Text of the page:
The Meanings of Approach
What does it mean to really approach another person? What does it mean to really approach God?
The rabbinic understanding of the first word of this week’s parashah (vayigash) opens a window into that question. Approaching people and approaching God are mirrors of each other—but there is more than one kind of approach, each of which can underscore different aspects of those relationships.
The word vayigash means “to approach” or “to draw near.” Judah approaches Joseph as he prepares to make his argument to offer himself as a slave instead of Benjamin.
וַיִּגַּ֨שׁ אֵלָ֜יו יְהוּדָ֗ה
"And Judah drew near to him.”
Judah approaches Joseph—whom he does not recognize and only knows is the most powerful man in Egypt (save for Pharaoh)—to offer one last ditch attempt to save his brother Benjamin (and thus also his father Jacob) from pain. It is a physical movement, but what were Judah’s intentions? What was his stance? How did he make his move? What was he feeling in that moment? How did he want Joseph to react? All of these questions are left up to the reader.
There are three opinions in Genesis Rabbah, each one drawing evidence from elsewhere in the Bible about the use of the word: from R. Yehudah, R. Nehemiah, and their anonymous, opposing majority “the rabbis”.
בראשית רבה (תיאודור-אלבק) פרשת ויגש פרשה צג
ר' יהודה א': הגשה למלחמה, כמ' דא': "ויגש יואב והעם אשר עמו למלחמה" (שמואל ב י:יג).
ר' נחמיה אמ': הגשה לפיוס; "ויגשו בני יהודה אל יהושע" (יהושע יד:ו) – לפייסו.
רבנין אמ': הגשה לתפילה, שנ' "ויהי כעלות המנחה ויגש אליהו" (מלכים א יח:לו).
Genesis Rabbah 93
R. Yehudah said: “approaching” as in approaching for war. As it says (2 Samuel 10:13): “So Yoav and the people that were with him drew near in battle.
R. Nehemiah said: “approaching” as in conciliation. As it says (Joshua 14:6): “Then the children of Judah drew near to Joshua”– to conciliate him.
The Rabbis said: “approaching” as in prayer. As it says (I Kings 18:36): “And it came to pass at the time of the evening offering, that Elijah the prophet came near.”
The word vayigash, according to this midrash, has three possible connotations, drawn from three different biblical sources: to do battle, to appease, and to pray. In each of these, the common thread is a stance of drawing physically closer. When Yoav, King David’s general, did battle against the Arameans (think: hand-to-hand combat), he approached the enemy battle lines with his army. This is also connected to the word קרב, another word that can mean “to approach, which also means “battle”. One can’t wrestle from afar.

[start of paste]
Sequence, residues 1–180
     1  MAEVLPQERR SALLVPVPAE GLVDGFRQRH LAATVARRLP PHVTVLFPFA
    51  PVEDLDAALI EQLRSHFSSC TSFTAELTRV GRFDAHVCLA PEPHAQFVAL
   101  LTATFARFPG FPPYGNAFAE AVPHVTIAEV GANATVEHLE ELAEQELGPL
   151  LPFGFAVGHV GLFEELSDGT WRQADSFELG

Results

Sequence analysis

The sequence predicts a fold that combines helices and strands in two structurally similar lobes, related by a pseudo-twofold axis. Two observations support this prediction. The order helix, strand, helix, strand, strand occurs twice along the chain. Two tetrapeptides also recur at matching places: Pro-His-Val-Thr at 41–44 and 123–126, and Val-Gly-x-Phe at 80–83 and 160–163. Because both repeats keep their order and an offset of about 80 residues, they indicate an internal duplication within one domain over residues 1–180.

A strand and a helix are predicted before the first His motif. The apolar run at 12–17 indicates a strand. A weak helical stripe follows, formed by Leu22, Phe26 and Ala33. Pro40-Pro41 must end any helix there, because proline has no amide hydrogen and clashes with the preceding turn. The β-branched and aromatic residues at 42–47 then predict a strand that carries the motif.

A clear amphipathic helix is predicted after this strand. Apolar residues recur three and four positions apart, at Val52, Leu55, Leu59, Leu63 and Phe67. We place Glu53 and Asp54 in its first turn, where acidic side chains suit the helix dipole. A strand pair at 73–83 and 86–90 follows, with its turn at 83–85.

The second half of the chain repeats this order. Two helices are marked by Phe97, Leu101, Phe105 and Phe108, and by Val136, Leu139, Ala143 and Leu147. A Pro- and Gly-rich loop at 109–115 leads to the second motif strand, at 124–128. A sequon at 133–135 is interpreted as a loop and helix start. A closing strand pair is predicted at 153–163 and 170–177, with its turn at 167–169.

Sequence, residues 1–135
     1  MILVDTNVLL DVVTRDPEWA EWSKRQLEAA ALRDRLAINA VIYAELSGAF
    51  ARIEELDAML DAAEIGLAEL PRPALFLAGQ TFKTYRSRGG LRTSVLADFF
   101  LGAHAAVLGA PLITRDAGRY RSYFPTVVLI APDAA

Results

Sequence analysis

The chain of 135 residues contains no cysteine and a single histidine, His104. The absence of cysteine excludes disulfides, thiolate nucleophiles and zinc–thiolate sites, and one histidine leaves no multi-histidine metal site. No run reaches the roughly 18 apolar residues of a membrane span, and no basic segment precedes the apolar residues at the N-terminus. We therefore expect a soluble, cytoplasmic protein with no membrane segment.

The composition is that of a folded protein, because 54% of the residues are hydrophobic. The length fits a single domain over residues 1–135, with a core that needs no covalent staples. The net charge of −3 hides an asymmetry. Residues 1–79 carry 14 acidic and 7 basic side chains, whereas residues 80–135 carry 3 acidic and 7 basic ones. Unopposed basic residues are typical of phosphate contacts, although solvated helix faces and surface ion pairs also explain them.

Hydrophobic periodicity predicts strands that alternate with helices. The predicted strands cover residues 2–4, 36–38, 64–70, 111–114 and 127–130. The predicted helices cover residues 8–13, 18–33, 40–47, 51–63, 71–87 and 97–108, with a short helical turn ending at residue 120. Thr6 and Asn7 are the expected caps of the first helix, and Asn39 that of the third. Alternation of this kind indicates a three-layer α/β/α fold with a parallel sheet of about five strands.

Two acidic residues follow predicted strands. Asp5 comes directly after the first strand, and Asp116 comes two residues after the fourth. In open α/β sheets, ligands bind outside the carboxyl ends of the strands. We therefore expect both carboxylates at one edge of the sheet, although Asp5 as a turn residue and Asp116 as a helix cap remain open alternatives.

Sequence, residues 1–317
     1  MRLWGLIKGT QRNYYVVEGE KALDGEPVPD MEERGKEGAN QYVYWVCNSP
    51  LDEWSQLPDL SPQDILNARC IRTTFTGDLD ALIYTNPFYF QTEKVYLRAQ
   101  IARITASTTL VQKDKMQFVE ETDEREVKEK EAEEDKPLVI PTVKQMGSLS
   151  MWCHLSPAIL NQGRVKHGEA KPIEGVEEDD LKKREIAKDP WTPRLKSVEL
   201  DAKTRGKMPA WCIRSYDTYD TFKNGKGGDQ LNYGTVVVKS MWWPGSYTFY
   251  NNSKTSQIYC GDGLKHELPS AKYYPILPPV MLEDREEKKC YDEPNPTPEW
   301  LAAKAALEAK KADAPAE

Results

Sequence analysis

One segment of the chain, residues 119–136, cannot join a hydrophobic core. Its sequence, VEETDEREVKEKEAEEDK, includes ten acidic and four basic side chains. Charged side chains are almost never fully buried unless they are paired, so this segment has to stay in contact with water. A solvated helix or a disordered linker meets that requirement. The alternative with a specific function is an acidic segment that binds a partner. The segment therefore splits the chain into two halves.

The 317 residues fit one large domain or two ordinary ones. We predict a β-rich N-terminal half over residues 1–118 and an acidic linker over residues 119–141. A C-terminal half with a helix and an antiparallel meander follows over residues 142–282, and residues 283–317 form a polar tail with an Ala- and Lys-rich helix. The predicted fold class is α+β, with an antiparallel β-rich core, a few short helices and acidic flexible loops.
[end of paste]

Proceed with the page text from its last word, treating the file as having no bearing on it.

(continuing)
Similarly, appeasement is something that cannot be done only with words from afar. It is a stance that can only be fully appreciated when is done in physical proximity to the other. When Caleb and his tribe wanted to secure his territory in the land, in order to make their request of their leader Joshua, they approached him so that Joshua was more likely to hear their case and give them what they asked for.
Finally, prayer is also something that involves drawing close physically (think: the bowing and kneeling postures, as well as the stepping forward, that take people physically closer to the object of the prayer). Prayer is probably best understood here as request, the core stance of prayer in the amidah, and also the context for Elijah’s approach: beseeching God to answer him and bring down fire on the altar in order to show up the prophets of Baal as the false prophets they are. Requesting is not done with words alone; it is done by coming near in body.
When we approach, we approach physically. But, when someone draws close, they may be attacking, appeasing, or requesting. All this is contextual, and how you understand Judah’s actions depends on which of these connotations you think is being employed in our parashah.
It might seem odd that, out of the four instances of vayigash, three of them are between people (Judahites and Joshua, Yoav and the Arameans, Judah and Joseph) and one of them is between people and God (Elijah). In fact, this reveals a core assumption of the midrash.
The word vayigash applies equally to a drawing close to people as it does to drawing close to God, even though the latter is harder to picture. In fact, the same three explanations of this word occur in the midrashic tradition to Genesis 18:23, which reports an approach between Abraham and God:
וַיִּגַּ֥שׁ אַבְרָהָ֖ם וַיֹּאמַ֑ר הַאַ֣ף תִּסְפֶּ֔ה צַדִּ֖יק עִם־רָשָֽׁע:
Abraham drew close and said: “Will You sweep away the innocent along with the guilty?”
This is the opening gambit in Abraham’s battle to save the people of Sodom. The same rabbis offer the same opinions about the translation of this word (Genesis Rabbah 49:8, ed. Theodor Albeck, p. 506): Abraham may be approaching to do battle, to appease, or to request through prayer. Since the midrash moves freely between the two scenarios, it seems clear that the model of drawing close is the same, whether we are approaching God or approaching another person.
Holding All Three Stances at Once
Which stance was Judah taking in this moment? War, appeasement, or prayer? There is a fourth opinion (in both midrashic traditions) that offers a different take on this:
בראשית רבה (תיאודור-אלבק) פרשת ויגש פרשה צג